Author’s note: The column is a bit serious this week. Sorry about that. I’m feeling a bit serious.
You started this job to be alone. That’s part of the reason you love it. You started this job to stand onstage by yourself and speak. It’s a ridiculous job to have, really, to be a stand-up comic. It’s a job for people who haven’t felt heard. It’s a job for someone who spent their childhood thinking, “Oh, you think I’m fat/gay/cross-eyed/irrelevant because I’m a woman? Well, you don’t have to listen to me now. But in a few years, you’ll pay money to hear me speak.”
You start at an open mic. You start alone. You get a laugh. You get none. You do it again. You do it for years. You start your own show. You book the people you look up to the most. You fail in front of them. You fail a lot. You use the failure, you forget the failure, you don’t even see it. You fail again.
You get on a booked show. You invite your friends to the show. They come and they laugh and they’re happy for you. And they come to the next one. And the next. Then they get married, they get jobs, they stop going out at night as much. You stay single, you quit jobs, you start to stay out later at night. You run out of things to talk about with them. You get on a booked show. You try to think of friends to invite but you can’t. You invite no one. You go alone.
You become close with other comics; you see them every night. You talk at the back of the room. You watch one another. You make plans during the day, and you spend that time talking comedy. You talk about the local scene, you gossip, compare notes, compare yourselves to one another. You root for each other. You are jealous of each other. You work together, but they’re your friends. You travel, you see new comics, new cities, new audiences, new scenes. You begin to feel some validation. “Maybe they do want to hear my voice,” you think. You get emails that confirm that. You try to ignore the emails that don’t, but you can’t.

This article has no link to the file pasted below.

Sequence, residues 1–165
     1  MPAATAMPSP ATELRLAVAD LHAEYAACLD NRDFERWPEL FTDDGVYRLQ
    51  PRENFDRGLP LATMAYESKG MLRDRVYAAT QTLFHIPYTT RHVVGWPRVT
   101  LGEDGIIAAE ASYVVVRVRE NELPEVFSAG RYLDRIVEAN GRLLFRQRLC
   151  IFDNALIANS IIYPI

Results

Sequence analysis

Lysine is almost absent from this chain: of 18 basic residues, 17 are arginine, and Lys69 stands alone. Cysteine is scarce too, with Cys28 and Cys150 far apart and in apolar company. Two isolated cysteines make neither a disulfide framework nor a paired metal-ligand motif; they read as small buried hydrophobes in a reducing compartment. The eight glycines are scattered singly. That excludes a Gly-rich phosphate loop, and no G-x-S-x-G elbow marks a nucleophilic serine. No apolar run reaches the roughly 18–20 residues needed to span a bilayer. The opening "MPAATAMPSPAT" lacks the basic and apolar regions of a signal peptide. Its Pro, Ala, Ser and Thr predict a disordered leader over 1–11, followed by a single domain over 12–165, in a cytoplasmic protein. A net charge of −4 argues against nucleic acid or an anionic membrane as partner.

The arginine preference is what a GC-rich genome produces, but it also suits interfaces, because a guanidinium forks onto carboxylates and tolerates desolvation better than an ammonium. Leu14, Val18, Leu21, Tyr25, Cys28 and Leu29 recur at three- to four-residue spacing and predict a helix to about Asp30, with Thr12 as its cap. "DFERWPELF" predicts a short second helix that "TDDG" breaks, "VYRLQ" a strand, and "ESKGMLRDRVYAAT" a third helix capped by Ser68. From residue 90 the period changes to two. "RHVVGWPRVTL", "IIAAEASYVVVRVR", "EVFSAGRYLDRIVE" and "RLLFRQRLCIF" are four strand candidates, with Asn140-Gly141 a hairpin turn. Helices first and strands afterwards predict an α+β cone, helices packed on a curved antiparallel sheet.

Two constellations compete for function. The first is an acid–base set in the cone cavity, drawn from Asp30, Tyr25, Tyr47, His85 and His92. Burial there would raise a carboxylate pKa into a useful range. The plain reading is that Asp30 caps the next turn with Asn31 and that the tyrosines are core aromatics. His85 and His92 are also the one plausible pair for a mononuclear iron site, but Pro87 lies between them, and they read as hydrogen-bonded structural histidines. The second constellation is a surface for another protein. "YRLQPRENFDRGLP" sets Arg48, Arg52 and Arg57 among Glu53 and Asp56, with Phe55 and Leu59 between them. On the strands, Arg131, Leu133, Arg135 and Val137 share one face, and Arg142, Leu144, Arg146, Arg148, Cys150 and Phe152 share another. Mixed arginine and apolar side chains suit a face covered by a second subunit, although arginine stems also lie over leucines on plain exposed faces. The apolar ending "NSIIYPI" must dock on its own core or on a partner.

You are angry. You started angry. You stay angry. Angry that you haven’t been heard; angry that so many people still don’t want to hear you. You talk about that anger, it makes your jokes better. You learn to leave some of that anger in your jokes. You become more honest. You become embarrassed by the things you used to say onstage; you realize that will eventually be true of the things you say now too.
You meet your hero. You meet your heroes. You do shows with them. You realize they are people, that they haven’t figured it all out, that they are still moving forward. That makes you happy, to know they are real, and that makes you sad, to know that there isn’t an end point.
You move. You start over. You travel. You start over. You do larger venues. You start over. You feel a sense of calm that things are moving in the right direction; you feel a sense of panic that things aren’t moving in that direction quickly enough. You wonder if things are moving forward at all. You talk about that onstage, and it feels self-indulgent. It is self-indulgent. You stop talking about it onstage. You keep thinking about it.
You think, you write down your thoughts, you try them onstage. You can’t find the replacement for that one great joke you have. You’ve told it so often you now hate telling it. You keep trying to replace it. You can’t yet. You build a longer set, you build a tighter set, you use them up, you start again.
You get on the plane. You get in the cab. You check into the hotel. You go to the show. You are friendly. You talk with the other comics. You get heckled. You get applause. You shake hands afterward. You take pictures with audience members. You tell them it’s nice to speak with them, and it is. You wait to see how long the other comics will stay. You leave when they do. You go back to the hotel. You get a drink at the bar. You go up to your room. You get ready for bed. You can’t sleep. You pace. You look out the window. You eat stale $8 hotel pretzels. You take some NyQuil to see if that will help. You watch television. You see your friend in a commercial, or on a late-night show, or on a sitcom. It’s nice to see them. You leave the TV on and fall asleep to the sound of your friend’s voice.
You wake up. You get on the plane. You go home. You unpack. You get dinner with your fiancée. It’s nice to see her. You watch television. You see your friends in a commercial, or on a late-night show, or on a sitcom. You go to bed and, beside her, you can actually sleep. You wake up and repack. You get on the plane. You started this job to be alone, and so you are.